Funded in part by the Lilly Endowment, the Davidson survey found that more than 60 percent of Catholics questioned say the Church should place more emphasis on traditional teachings; that there is something special and unique to Catholicism; that they cannot imagine themselves being anything other than Catholic; that helping those in need is important to their faith; that they are not offended by the Church using terms like “men” and “brothers” to describe all of humanity. Eighty-nine percent said the Church has given them “a solid moral foundation.”
On issues like Church teaching on homosexuality, abortion, pre-marital sex and birth control, Davidson said he found Catholics in the pews “far more in compliance [with official Church teaching] than non-active Catholics.”
But most media attention and mainstream surveys focus on inactive Catholics' dissent. “The left is Call to Action, the right is Mother Angelica,” said Davidson, who attends St. Thomas Aquinas Church in West Lafayette, lnd. “By and large these are highly informed, highly motivated groups, representing extreme points of view. And statistically they represent a rather small percentage of all Catholics. Most Catholics tend to fall somewhere in the middle.”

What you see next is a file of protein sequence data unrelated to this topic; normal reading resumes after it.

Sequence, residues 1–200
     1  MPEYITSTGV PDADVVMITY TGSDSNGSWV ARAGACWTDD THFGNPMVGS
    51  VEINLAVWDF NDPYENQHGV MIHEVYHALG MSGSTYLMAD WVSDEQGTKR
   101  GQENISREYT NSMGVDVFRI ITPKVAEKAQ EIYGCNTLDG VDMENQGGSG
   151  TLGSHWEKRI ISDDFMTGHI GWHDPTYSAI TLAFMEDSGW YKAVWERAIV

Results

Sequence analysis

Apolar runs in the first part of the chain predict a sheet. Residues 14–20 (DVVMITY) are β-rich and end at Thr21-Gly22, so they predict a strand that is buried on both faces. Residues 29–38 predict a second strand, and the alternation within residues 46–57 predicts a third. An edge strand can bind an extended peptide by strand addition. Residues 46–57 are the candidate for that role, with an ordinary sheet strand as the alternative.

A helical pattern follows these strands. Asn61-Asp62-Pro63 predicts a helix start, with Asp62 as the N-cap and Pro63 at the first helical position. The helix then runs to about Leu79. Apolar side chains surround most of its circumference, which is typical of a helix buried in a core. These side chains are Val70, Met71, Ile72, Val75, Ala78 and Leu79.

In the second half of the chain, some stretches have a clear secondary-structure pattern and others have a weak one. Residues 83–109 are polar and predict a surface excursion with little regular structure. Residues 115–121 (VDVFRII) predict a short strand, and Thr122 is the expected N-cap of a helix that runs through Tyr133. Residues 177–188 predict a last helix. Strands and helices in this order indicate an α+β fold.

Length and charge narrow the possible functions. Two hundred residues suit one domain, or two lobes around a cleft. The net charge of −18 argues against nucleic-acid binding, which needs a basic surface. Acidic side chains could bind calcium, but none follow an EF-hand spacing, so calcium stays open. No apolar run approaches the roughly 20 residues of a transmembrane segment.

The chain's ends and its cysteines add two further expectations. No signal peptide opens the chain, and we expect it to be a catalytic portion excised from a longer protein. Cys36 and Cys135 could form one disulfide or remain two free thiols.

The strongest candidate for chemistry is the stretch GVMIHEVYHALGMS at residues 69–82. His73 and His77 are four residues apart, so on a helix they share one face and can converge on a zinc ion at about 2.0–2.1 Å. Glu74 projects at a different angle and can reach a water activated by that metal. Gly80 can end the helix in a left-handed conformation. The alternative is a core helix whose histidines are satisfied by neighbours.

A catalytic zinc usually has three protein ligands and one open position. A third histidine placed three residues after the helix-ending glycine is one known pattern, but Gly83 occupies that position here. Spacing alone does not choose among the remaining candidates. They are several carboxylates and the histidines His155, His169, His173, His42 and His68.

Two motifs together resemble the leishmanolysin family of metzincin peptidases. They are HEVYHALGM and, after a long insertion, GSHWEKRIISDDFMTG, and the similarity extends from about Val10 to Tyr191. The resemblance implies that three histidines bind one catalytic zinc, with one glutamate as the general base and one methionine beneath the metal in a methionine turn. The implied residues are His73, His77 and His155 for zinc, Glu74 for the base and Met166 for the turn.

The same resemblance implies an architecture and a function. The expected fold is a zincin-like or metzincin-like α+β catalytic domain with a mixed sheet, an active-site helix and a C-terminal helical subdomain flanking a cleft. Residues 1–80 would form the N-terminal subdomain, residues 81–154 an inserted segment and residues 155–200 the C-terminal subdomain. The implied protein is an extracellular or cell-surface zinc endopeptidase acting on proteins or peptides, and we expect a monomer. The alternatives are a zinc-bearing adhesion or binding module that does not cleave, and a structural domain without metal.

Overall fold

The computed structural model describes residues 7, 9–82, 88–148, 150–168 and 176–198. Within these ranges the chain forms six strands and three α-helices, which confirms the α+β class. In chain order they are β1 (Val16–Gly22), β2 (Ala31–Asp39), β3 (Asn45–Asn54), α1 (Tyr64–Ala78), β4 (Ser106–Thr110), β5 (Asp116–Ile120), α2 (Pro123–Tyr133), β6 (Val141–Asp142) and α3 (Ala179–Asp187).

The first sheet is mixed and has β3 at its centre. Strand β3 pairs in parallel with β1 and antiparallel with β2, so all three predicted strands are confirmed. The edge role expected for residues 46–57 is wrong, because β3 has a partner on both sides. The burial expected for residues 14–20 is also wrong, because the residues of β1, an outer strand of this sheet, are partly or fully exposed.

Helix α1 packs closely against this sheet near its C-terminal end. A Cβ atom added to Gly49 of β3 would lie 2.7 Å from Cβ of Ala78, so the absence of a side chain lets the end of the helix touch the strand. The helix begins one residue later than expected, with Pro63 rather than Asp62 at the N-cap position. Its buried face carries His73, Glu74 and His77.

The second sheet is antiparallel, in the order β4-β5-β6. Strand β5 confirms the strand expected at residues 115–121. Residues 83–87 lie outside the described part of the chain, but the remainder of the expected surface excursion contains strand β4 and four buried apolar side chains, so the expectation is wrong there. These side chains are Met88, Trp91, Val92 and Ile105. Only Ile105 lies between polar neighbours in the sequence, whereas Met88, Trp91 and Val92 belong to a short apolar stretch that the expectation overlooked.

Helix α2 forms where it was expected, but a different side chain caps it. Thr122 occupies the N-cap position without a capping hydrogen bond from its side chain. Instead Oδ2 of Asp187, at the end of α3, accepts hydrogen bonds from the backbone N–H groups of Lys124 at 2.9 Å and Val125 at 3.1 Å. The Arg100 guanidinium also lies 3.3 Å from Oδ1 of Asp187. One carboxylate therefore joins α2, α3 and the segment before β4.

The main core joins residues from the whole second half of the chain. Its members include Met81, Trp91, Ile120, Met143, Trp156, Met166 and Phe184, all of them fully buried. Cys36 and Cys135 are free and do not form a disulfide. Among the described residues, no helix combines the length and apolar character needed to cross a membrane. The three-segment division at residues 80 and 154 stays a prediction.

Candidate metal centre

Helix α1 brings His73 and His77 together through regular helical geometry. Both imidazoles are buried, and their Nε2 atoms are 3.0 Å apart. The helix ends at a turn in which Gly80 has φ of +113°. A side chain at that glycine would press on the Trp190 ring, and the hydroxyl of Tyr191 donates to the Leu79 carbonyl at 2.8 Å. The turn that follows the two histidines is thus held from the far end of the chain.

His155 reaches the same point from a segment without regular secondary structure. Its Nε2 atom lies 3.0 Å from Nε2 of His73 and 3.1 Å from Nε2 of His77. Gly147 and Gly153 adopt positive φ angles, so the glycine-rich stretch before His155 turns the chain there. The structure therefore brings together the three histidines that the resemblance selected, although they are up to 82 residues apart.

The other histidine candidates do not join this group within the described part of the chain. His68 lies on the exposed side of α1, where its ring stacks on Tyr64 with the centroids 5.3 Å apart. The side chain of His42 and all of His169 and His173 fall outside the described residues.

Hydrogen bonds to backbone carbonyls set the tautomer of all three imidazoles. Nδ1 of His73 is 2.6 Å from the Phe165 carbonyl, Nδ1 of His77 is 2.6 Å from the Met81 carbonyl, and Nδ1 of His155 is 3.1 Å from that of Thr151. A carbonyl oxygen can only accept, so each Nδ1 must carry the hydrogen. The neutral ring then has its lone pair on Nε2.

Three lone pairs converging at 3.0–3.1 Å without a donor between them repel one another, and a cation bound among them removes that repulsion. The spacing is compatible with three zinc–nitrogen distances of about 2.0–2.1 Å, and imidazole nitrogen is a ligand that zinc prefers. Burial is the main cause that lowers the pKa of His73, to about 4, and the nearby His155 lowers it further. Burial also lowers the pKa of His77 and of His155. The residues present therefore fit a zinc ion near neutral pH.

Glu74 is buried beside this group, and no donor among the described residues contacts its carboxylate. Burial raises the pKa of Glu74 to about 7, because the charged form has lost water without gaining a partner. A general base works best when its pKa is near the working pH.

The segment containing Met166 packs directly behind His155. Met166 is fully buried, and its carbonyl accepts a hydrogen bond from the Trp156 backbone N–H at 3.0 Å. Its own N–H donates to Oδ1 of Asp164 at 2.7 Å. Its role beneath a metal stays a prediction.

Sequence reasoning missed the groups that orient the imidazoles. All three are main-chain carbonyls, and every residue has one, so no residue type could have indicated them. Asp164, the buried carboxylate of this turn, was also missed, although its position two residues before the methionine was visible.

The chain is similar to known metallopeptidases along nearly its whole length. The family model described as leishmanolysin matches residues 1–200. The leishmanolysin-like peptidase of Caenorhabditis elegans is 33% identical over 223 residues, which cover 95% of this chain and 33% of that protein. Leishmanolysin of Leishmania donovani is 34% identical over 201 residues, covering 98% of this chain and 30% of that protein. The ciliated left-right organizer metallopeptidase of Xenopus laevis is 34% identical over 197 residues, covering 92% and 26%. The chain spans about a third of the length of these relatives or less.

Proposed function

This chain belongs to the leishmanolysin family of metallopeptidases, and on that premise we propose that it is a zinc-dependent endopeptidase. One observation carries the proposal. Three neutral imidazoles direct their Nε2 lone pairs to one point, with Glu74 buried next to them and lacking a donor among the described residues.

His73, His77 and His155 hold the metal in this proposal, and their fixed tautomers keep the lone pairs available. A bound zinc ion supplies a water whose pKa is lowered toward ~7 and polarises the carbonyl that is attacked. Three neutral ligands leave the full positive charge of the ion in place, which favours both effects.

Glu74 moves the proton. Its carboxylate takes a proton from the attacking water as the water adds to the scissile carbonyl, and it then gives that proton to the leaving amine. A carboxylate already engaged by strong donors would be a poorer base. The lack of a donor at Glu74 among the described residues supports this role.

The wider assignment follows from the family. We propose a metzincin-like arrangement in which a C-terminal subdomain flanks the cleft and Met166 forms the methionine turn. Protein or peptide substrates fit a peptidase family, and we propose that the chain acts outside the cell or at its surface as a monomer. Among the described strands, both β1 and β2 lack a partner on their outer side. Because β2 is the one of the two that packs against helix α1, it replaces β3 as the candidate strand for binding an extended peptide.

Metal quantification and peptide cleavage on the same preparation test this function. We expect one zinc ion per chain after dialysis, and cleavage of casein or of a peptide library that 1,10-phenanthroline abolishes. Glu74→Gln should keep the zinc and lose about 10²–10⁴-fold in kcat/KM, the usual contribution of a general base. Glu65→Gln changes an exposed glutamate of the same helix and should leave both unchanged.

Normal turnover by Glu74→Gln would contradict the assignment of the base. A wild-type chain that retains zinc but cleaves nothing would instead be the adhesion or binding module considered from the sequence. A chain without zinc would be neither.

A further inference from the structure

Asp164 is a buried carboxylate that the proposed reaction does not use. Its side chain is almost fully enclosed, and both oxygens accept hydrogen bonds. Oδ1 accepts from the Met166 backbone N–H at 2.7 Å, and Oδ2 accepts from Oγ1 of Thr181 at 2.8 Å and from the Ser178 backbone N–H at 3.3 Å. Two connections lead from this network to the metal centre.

Auxiliary Bishop Thomas Curry of the Los Angeles archdiocese agrees. “I do think that what gets the news, which is either the far left or the far right, represents a very small minority of Catholics. But both sides get a disproportionate amount of the news,” he said. “The vast majority of Catholics—I think people we see every day—primarily are concerned with what goes on in their own families, and their own parishes.”